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Yard Looking Drab? Don't Shrug Off Shrubs for Next Winter

by Joe Cooper, All About Lawns Columnist

It's too late to do much planting before winter sets in, but there are a few kinds of plants that are tough enough to withstand temperature and moisture changes while adding some great color and texture to your yard. When springtime comes, consider these hearty shrubs for next winter, and plan ahead to give your yard a new look next year.

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Great Shrubs for Winter

  • Nandina
    A great, cost-effective option, nandina is an evergreen shrub that comes in a range of sizes, all the way up to 7 feet tall. Its leaves turn a reddish-green during the winter months, and it also features red berries for that needed splash of color. Birds don't love the berries from the nandina shrub, so the color sticks around.
  • Holly
    Most holly features rich green leaves and bright red berries, making them holiday-decoration-ready. (These berries can be bird food favorites, so be aware). There are a few different kinds of holly shrubs, including standard burford and yaupon holly. If you go with yaupon, it will eventually become a mid-sized tree that can be pruned and shaped.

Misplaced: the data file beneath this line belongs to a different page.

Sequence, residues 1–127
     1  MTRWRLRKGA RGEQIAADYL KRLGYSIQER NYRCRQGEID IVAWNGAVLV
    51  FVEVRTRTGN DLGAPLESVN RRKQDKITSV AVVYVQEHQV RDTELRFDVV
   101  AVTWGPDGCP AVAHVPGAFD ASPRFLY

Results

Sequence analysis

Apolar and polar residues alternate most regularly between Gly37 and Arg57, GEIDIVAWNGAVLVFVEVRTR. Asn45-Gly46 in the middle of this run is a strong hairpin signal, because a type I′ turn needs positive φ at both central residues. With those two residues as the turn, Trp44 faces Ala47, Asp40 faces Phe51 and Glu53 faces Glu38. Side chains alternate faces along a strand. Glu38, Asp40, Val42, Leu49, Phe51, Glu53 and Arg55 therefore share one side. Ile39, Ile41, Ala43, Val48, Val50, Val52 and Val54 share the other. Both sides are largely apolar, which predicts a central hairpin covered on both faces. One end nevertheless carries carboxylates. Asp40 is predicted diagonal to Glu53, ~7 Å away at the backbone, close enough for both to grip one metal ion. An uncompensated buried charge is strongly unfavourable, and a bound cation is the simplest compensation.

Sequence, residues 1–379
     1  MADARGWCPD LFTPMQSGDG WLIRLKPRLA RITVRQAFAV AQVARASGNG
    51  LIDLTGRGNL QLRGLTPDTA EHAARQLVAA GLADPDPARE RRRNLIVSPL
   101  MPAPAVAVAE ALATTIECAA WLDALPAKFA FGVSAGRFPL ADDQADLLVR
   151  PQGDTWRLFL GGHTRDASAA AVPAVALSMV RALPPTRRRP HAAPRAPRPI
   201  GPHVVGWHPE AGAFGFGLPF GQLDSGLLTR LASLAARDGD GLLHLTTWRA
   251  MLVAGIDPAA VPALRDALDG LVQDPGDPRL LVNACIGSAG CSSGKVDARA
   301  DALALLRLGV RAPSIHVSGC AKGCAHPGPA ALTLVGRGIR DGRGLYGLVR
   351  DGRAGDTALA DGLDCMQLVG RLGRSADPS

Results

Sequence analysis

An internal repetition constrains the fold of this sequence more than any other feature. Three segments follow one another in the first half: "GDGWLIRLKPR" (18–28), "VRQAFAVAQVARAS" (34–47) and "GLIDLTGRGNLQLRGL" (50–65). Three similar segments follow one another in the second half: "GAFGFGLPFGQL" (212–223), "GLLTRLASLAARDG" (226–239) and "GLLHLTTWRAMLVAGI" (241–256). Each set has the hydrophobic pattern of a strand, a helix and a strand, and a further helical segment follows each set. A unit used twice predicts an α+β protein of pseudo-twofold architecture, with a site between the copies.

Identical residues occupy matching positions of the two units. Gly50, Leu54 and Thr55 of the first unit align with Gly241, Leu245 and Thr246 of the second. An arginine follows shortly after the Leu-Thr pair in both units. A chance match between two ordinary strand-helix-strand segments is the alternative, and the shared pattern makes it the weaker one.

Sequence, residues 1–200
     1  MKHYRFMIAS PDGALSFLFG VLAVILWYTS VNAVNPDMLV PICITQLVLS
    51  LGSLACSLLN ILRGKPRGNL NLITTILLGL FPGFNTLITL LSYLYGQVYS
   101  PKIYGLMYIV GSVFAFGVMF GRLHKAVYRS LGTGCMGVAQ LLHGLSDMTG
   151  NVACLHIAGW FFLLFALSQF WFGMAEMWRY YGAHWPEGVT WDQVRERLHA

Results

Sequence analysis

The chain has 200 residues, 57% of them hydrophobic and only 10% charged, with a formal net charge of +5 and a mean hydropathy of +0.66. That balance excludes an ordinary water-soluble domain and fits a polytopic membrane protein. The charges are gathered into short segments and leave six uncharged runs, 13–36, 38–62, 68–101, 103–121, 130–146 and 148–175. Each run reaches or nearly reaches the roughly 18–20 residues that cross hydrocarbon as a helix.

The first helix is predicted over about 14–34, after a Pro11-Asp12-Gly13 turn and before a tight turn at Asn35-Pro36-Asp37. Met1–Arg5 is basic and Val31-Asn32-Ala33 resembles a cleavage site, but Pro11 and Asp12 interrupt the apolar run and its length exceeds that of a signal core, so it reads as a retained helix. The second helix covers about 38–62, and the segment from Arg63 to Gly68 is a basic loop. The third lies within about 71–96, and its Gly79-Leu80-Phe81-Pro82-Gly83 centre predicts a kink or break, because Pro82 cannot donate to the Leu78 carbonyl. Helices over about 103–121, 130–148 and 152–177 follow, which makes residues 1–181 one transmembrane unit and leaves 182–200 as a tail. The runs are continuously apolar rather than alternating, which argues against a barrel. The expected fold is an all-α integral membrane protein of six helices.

• Duranta
    The bonus of the duranta, a weeping shrub, is the white or purple flowers that bloom during the summer. These also attract butterflies, another nice aesthetic addition to your yard. During the winter, it sprouts yellow berries that are pretty hearty against the cold. (These are like the nandina berries--not bird favorites, so you're safe there).
  • Compacta or Euonymus
    Also called "burning bush" shrubs, these varieties feature a blaze of crimson red leaves during the late fall, making a dramatic statement in any yard. Its twigs are "corky," meaning they are sturdy enough to withstand winter snow. Some also produce orange or red fruit, depending on the variety you find.

If you decide to add shrubs to your spring landscaping list, remember that early spring and late summer are the best times. Shrubs are generally straightforward to plant, but consult your gardener, landscaper, or local greenhouse manager for tips if it's your first time. Another plus is that new shrubs won't need to be pruned for a while, reducing your maintenance and maximizing the value of these sturdy plants. In fact, over-pruning reduces its winter toughness. Keep shrubs in mind for some great color in your yard next winter.

About the Author
Joe Cooper writes education, home services, and design articles, and manages corporate communications. He holds a bachelor's in American Literature from UCLA.

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